Some comments on Raymond G. Van De Walker's epistle:
> Let me show you the numbers: The human brain has 10 billion
Most recent estimtes put it at 100 billion.
> Now, I thought about ways to reduce this by editing the system,
> but they won't work. Like most real computing systems, the majority of
> the logic (>95%) by weight or volume is I/O. (The cerebrum, cerebellum,
> gyrii, and most of the encephalon) Neural networks are great for I/O:
> they're robust and compact compared to the digital systems they replace.
> You would not want to use anything else to construct the phenomenal
> systems of a robot.
Hmm. One way of estimating the brain's processing power is like this:
The human brain contains about 10^11 neurons. Each neuron has about 5*10^3 synapses, and signals are transmitted along these synapses at an average frequency of about 10^2 Hz. Each signal contains, say, 5 bits. This equals 10^17 ops.
Another method, used by Moravec, is to look at one part of the nervous system whose function we can replicate on computers today (the retina). Then we multiply the resources needed for this computation by the factor by which the total brain is larger than the retina. This gives us the figure 10^14 ops for the brain, three magnitudes less than the first estimate.
The second estimate presupposes that we can make some optimizations. Maybe intelligent design and new computational elements enable us to do several orders of magnitude better than mother nature with the same number of ops. Why couldn't the same be possible with regard to memory requirements? There is no evidence that the brain's memory system is not highly redundant, so that with highly reliable artificial (or simulated) neurons one get away with a lot less memory. We simply don't know.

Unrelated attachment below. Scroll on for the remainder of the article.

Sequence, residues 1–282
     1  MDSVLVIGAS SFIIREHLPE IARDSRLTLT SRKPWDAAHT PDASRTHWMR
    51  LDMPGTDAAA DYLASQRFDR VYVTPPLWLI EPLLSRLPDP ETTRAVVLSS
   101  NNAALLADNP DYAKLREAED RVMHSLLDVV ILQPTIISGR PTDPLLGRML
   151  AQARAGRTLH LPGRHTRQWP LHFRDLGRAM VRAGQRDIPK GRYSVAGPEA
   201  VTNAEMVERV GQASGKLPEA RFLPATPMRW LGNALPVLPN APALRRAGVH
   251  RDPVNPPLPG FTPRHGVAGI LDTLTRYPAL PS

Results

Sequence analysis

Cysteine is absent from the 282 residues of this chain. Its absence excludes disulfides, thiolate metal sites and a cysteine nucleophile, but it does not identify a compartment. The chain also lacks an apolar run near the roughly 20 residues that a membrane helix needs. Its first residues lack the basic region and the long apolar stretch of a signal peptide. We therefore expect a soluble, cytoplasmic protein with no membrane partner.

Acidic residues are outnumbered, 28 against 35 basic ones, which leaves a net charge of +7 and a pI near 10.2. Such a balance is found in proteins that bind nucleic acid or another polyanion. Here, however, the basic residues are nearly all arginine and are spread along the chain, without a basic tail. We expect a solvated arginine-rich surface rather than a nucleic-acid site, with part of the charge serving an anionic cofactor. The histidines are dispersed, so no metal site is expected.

Another problem with the multiplicative approach - multiplying neurons, synapeses per neuron, and resources per synapse - is that it might turn out that a lot of the brain's computing power is in higher-order interactions in the dendritic trees. Signals may not only be added, but multiplied, and with interesting time-integration effects that might be used by the brain. The multiplicative approach neglects these potential effects, and may thus understimate the brain's computing power.
> Using Drexler's estimates for random-access memory
> (20MBytes/cubic micron), we can fit 305 of 64K computers in a cubic
> micron. The computers therefore take roughly 9.8x10^4 cubic microns.
Does this take into account that there might be a need for cooling?
> 11,300 cubic microns is small. It's a cube about 22.5 microns on
> a side, say a quarter-millimeter on a side, about 1/8 the size of a
> crystal of table salt. 17,300 cubic microns (storing synaptic addresses)
> is still small, about 25.9 microns on a side. Even 34,600 cubic microns
> (double everything) is small, maybe 32.6microns on a side, the size of a
> crystal of table salt.
As an estimate of precisely how small advance nanotech could make a human-equivalent computer I think we have to take this grain of salt with a grain of salt so to speak. An uncertainty interval of a couple of orders of magnitude does not seem unreasonable.
http://www.hedweb.com/nickb firstname.lastname@example.org Department of Philosophy, Logic and Scientific Method London School of Economics